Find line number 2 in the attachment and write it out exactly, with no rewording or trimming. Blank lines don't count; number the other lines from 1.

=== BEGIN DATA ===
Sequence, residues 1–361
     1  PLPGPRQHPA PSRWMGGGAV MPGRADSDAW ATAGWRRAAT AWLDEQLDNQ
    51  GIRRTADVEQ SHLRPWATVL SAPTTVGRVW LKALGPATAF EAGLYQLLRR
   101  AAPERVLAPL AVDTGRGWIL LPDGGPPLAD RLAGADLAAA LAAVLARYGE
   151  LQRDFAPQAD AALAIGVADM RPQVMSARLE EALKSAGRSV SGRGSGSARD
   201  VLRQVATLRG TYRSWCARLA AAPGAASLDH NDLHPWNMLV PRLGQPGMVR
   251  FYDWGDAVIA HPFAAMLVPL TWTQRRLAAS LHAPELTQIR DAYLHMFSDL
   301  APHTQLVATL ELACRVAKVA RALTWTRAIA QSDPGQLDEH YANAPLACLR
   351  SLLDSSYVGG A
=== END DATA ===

     1  PLPGPRQHPA PSRWMGGGAV MPGRADSDAW ATAGWRRAAT AWLDEQLDNQ